The attendees appreciated the opportunity to learn different styles of Tai Chi and Qigong and to understand the abundance of the internal art. Most participants are instructors themselves so they were able to provide valuable feedbacks to the presenters. It was a good occasion to exchange knowledge and trade skills and techniques among instructors. Many commented that the symposium contributed an arena to reconnect practitioners from different places with old friends and make new friends in a non-competitive and caring environment.

    (Edited by Doc Luecke.)

    Related Articles:

    Please visit www.VioletLiTaiChi.com for more articles on Tai Chi, Qigong, and healing arts. Share the article on your social media to raise the awareness of the art. Thanks!

    • Show original
    • .
    • Share
    • .
    • Favorite
    • .
    • Email
    • .
    • Add Tags 
    Violet Li Tai Chi by Violet.li@tadi.com - 11M ago

    I was looking for photos to use in the article “Master Richard Clear on Internal Push Hands” in my Apple TimeMachine and realized that I first attended the Tai Chi Gala in 2010 as an on-site journalist assigned by Kung Fu Tai Chi Magazine to report the event. In recent years, I have felt honored to be invited by the Gala to teach workshops. My involvement with the Gala is relatively short in comparison with many others who have attended the event for more than 30 years.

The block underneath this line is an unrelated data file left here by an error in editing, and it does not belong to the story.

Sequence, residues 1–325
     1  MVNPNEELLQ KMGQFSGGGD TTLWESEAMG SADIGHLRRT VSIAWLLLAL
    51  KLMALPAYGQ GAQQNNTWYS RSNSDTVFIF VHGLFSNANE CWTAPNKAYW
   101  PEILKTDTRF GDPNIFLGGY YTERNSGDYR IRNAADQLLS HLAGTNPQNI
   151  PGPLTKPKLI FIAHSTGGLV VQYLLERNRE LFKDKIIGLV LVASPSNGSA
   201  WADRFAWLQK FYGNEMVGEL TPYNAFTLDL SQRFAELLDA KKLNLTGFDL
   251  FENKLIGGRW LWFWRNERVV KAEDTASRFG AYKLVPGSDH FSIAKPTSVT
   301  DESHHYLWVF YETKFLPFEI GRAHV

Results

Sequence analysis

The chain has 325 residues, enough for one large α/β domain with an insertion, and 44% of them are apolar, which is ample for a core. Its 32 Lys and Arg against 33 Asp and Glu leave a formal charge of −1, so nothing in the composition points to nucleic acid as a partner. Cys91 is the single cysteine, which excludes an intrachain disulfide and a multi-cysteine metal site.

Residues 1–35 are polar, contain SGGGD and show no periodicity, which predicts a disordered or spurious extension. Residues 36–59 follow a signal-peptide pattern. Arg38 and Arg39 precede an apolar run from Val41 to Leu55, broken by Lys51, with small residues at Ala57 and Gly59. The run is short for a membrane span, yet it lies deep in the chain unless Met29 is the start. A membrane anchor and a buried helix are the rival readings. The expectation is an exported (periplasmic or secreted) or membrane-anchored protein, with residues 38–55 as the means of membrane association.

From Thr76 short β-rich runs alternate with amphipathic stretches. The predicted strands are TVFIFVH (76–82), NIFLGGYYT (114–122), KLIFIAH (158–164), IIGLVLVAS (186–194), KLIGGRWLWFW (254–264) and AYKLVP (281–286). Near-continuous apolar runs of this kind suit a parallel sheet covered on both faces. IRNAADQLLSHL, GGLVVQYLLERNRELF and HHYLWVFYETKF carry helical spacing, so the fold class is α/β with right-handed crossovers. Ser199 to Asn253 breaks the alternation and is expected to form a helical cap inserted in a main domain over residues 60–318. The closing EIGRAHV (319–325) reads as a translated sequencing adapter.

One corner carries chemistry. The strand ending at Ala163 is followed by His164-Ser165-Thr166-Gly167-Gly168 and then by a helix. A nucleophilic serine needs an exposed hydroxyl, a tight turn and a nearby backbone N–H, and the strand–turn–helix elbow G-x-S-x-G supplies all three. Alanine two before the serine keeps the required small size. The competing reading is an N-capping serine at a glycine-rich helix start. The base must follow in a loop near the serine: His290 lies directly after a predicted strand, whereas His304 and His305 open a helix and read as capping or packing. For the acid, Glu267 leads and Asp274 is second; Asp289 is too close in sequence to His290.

Sifu Loretta Wollering (front, center) led a Tai Chi practice.

    Grandmaster Jou Tsung Hwa founded the Zhang San Feng Festival in 1977. Beginning in 1984, the event was held outdoors at his Tai Chi Farm for years until his accidental death in 1998. The Zhang San Feng Festival was a major event in the U.S. and attracted practitioners from all over the country and abroad. Jou’s only disciple Sifu Loretta Wollering took upon the stewardship to run the event after his passing and rechristened the event the Tai Chi Gala to honor him and the tradition. This year, the event was held again at Camp Lindenmere on June 1-3 with Jiulong Baguazhang Circle with Dr. John Painter the following week.